In addition to prohibiting loitering, this ordinance also prohibits obstructing traffic, and “engaging in conduct which is intended to and does cause another person to feel angry, frightened, intimidated, embarrassed or harassed.” It goes into further specifics about indecent exposure, and noise disturbances.
The ordinance states that a person caught loitering and doing any of these things would be guilty of a misdemeanor and face a fine of up to $500 or imprisonment up to 90 days. The impoundment and forfeiture of the motor vehicle is also permitted, and is at the discretion of the Flint police.
“This is really to combat this issue that’s going on through the city such as what happened at Sunoco and other places throughout the city of Flint causing large crowds interrupting the free flow of pedestrian traffic, vehicular traffic,” Wheeler said.
At the council meeting on July 27, Police Chief Terence Green said this was a necessary ordinance as he has received “several thousand citizen complaints” about loitering, especially from business owners.
Murphy called in again for this hearing and said he thought youth loitering around their cars was a sign that they don’t have anything better to do in the city.
“What they’re doing is showing us that they don’t have nothing to do, they don’t have nowhere to go,” he said. He suggested creating a designated area for people to congregate, and set up vendors selling food and other goods.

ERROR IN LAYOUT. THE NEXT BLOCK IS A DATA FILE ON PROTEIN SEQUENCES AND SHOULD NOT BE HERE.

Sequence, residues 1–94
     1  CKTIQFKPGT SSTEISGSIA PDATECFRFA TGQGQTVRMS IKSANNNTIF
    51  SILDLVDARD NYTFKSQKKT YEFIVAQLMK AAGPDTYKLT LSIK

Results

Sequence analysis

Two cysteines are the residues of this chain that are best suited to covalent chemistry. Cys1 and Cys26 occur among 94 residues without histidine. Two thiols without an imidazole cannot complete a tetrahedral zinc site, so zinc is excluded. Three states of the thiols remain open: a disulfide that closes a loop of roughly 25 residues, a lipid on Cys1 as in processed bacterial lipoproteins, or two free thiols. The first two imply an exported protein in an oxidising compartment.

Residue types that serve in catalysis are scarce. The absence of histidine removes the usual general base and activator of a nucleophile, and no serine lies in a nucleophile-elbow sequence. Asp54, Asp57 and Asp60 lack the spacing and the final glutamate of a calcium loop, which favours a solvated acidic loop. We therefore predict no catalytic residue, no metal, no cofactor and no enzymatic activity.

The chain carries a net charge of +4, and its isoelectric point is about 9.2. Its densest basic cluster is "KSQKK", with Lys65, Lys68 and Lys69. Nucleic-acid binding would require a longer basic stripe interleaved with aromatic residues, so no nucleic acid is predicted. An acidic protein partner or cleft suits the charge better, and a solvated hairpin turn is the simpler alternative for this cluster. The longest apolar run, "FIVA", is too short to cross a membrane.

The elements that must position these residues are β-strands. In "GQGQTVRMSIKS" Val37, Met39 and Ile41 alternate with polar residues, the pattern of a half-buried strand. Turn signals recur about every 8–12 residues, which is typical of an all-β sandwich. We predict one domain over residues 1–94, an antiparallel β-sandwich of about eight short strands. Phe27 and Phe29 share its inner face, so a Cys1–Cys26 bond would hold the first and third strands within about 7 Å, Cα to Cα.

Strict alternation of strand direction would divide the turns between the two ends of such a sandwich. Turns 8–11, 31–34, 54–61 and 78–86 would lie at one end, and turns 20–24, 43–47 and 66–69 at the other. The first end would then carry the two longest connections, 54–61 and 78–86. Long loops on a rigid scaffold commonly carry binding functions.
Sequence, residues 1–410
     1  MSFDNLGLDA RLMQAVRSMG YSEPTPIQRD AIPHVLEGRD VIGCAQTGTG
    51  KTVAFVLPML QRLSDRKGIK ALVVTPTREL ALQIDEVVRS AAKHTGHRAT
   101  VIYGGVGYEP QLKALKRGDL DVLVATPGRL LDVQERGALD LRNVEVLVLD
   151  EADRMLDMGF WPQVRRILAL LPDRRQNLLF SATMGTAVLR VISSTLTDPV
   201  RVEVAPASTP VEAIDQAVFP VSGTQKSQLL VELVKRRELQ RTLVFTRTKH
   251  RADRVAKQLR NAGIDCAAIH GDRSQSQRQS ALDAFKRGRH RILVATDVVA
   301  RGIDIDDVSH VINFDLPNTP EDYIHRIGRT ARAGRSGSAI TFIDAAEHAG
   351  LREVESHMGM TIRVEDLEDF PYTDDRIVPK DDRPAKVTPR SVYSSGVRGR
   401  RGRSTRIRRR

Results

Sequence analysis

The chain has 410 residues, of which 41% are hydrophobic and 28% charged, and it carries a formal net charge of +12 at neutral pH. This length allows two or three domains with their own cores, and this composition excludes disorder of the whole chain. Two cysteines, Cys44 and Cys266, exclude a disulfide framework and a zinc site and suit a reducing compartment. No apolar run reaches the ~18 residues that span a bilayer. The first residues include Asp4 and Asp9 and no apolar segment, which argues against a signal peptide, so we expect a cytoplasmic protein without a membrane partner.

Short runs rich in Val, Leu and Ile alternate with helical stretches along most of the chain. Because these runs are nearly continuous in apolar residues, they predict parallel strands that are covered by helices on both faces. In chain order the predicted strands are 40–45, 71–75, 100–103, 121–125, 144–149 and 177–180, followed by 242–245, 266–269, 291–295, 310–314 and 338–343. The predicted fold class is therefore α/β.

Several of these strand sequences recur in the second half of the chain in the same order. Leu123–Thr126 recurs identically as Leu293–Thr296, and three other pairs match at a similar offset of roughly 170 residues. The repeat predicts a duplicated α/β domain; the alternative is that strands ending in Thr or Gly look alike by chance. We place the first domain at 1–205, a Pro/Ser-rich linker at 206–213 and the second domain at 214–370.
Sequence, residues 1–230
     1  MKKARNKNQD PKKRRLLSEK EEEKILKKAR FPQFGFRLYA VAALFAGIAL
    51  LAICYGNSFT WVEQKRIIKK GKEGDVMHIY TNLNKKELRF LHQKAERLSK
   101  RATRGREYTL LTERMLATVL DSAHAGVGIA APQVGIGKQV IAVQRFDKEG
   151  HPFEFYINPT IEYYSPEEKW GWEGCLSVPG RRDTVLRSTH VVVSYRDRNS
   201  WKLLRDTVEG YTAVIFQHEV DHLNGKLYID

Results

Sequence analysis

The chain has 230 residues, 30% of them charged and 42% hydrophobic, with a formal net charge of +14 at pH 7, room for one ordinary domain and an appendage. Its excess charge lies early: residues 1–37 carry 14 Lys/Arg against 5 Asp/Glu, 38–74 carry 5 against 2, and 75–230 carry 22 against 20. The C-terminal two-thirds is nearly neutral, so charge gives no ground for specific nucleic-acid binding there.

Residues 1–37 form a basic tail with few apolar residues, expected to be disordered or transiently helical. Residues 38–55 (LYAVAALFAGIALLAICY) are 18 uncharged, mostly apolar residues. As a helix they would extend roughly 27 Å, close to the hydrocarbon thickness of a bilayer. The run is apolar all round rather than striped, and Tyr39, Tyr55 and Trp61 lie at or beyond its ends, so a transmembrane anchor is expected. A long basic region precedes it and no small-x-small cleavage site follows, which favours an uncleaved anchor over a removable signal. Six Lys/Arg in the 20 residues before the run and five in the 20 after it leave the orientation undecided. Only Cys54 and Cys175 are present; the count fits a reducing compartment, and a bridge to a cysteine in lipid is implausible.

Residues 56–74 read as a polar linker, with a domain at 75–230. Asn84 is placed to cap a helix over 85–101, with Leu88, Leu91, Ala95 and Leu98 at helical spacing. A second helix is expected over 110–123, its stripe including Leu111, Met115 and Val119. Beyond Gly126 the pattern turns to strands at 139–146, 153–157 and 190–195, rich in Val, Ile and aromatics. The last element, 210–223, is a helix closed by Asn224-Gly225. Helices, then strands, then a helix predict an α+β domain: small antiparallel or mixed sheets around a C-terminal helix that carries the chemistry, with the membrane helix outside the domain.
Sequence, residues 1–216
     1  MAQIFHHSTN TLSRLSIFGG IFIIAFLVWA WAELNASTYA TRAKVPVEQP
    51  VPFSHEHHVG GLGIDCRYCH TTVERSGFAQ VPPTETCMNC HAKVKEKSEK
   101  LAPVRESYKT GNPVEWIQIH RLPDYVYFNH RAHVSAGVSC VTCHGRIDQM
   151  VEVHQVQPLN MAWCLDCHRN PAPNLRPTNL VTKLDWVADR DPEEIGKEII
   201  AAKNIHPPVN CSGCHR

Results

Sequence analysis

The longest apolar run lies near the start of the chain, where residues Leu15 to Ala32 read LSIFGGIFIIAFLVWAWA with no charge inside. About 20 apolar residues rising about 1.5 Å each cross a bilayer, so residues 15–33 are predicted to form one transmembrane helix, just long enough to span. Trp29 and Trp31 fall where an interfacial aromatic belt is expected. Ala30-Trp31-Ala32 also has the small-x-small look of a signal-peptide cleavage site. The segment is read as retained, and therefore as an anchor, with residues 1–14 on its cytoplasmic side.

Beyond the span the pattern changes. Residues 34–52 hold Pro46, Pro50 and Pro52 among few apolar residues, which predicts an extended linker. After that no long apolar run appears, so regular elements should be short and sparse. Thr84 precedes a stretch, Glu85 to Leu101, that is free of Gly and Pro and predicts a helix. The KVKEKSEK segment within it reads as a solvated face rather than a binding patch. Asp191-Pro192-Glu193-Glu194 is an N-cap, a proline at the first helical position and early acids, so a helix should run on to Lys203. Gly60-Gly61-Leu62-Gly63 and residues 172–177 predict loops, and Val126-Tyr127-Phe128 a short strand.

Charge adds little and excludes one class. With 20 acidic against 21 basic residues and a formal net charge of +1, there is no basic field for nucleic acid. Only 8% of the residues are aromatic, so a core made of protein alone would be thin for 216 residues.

Second ward candidate Audrey Muhammad said she’d like the community to brainstorm together to come up with a solution to this problem. She said she felt this ordinance would set the city up for lawsuits.
Resident Chris Del Morone agreed and said lawsuits would be inevitable with the wording of the ordinance.
“The ordinance talks about, someone might do something that makes someone feel embarrassed. How in the world do we measure that? We’re going to open up a lawsuit on both ends,” he said. “The person would say ‘I felt embarrassed and the police did nothing,’ and the other person would say, ‘there’s no way that would have embarrassed the average human being.’”
Resident Gina Luster said she thought this ordinance would open up opportunities for the city to be sued as well.
“I think a lot of this has to fall back on the owners. They have to manage their business,” she said. “The police cannot be everywhere.”